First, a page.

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Friday
Feb262010

Are You Buying a Business or a Battle?


The local newspaper had a story Friday morning about former executives starting a new business that will compete with their former employer. Good for them! This is good news unless of course you are the party that just purchased the business that until recently employed these managers.

I know nothing about the purchase of the business, the resignation of the individuals or the launch of the new business. The legal implications of matters such as this are very fact specific. Without commenting on the current situation, there are lessons here for any potential purchaser of a business.

If you are purchasing a business, there are at least five ways you can avoid the loss of key employees that go on to compete with you. But first, let’s consider two questions.

Competition Issues?

When purchasing a business, what competition issues can arise? First, a former owner can start a new business or assist an existing competitor. Second, an employee of the business you purchase can leave to start a new business or work for another competitor.

The loss of customers is one concern. So is the loss of confidential information. If you are paying for customer lists, intellectual property, business methods or other business information not known to others, you do not want to lose what you purchased.

There are other concerns as well. You do not want someone that knows your new employees better than you do to recruit them to work somewhere else. Similarly, you want to protect your vendor relationships and the purchasing and pricing details with those vendors.

It is common for sellers of a business to sign noncompetition agreements. But what about key employees of the business?

Asset Purchase or Stock Purchase?

When purchasing a business, you can structure it as an asset purchase or an entity purchase. In an asset sale, you purchase the equipment, customer lists, inventories, contract rights and other assets of the business from the corporation, limited liability company or other business entity. Stated differently, you buy all of the corporation’s assets, you buy the business, but you do not buy the corporation’s stock.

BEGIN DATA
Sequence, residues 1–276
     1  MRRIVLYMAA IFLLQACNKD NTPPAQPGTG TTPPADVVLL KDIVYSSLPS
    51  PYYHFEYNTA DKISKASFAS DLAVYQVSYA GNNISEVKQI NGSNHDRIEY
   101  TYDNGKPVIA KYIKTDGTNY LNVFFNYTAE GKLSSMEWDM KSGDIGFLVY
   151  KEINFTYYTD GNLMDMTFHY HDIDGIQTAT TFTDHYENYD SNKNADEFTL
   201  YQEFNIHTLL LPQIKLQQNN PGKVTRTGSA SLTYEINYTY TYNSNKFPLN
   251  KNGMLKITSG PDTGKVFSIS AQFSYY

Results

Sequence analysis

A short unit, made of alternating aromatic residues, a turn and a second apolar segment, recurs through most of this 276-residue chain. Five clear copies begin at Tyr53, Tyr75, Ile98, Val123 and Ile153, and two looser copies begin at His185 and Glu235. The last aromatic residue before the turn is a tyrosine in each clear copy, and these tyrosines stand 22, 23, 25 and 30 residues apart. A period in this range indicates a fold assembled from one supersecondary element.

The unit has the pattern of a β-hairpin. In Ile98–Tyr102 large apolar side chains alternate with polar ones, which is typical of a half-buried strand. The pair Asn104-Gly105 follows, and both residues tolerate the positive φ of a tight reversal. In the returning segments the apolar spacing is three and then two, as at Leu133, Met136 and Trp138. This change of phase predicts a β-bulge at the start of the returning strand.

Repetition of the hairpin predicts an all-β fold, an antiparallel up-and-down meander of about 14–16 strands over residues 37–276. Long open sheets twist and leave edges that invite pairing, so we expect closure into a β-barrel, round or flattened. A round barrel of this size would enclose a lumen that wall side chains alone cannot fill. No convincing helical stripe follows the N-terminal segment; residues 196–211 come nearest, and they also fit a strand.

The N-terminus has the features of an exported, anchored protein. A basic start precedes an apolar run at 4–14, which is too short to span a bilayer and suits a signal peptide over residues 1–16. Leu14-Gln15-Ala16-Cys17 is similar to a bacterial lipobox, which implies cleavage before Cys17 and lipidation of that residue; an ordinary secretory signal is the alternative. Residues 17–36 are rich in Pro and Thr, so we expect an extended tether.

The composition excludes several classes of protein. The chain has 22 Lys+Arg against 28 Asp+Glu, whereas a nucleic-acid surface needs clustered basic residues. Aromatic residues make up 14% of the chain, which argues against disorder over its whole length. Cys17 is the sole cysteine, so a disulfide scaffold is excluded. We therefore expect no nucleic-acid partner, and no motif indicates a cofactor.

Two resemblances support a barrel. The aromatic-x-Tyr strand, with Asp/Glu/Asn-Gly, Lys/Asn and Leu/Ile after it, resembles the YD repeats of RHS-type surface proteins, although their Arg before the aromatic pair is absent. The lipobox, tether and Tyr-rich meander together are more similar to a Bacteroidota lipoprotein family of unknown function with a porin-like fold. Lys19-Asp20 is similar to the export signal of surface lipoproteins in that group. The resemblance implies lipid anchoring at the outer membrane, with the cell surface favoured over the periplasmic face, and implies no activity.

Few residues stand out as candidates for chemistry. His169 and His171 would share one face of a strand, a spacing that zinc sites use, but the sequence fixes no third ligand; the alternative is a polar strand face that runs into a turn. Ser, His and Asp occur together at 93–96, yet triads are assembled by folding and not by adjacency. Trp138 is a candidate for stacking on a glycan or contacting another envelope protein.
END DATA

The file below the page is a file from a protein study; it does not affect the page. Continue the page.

The second type of transaction is where you buy the business entity. You buy the stock of the corporation. Or, you buy the ownership interests of a limited liability company. With the stock or the ownership interests comes all of the entity’s assets. That includes the business.

There are a number of reasons why you may prefer one sort of transaction over another. The type of purchase, asset purchase or stock purchase, will influence the tactics described below.

1. Noncompetition Due Diligence

As part of your due diligence investigation before purchase, you should identify key employees and the type of business information and business relationships they possess. Are each covered by valid, enforceable, noncompetition agreements? Have the agreements been reviewed by experienced legal counsel?

If there are one ore more key employees without a valid noncompetition agreement, you need to realize your transaction just became riskier. One or more key employees could leave taking valuable business information and business relationships with them. Accordingly, you may want to negotiate a lower purchase price to reflect this increased risk.

If your transaction is a stock or entity purchase, there must be valid agreements in place. You will not be able to get new noncompetition agreements under Oregon law unless there is a “bona-fide advancement.” If valid agreements do not cover all key employees, you may want to consider restructuring the transaction as an asset purchase. Other protections described below may also help.

If it is an asset purchase, you should certainly consider the following protections.

2. Assign Existing Agreements

If the transaction is an asset purchase and valid agreements are in place, make sure the seller specifically assigns those agreements to you as part of the asset purchase.

3. New Noncompetition Agreements

If one or more key employees are not covered by noncompetition agreements in an asset purchase, or even if they are, you can have all of your new key employees sign new noncompetition agreements. In doing so, you must follow the very specific requirements of Oregon’s noncompetition agreement statute.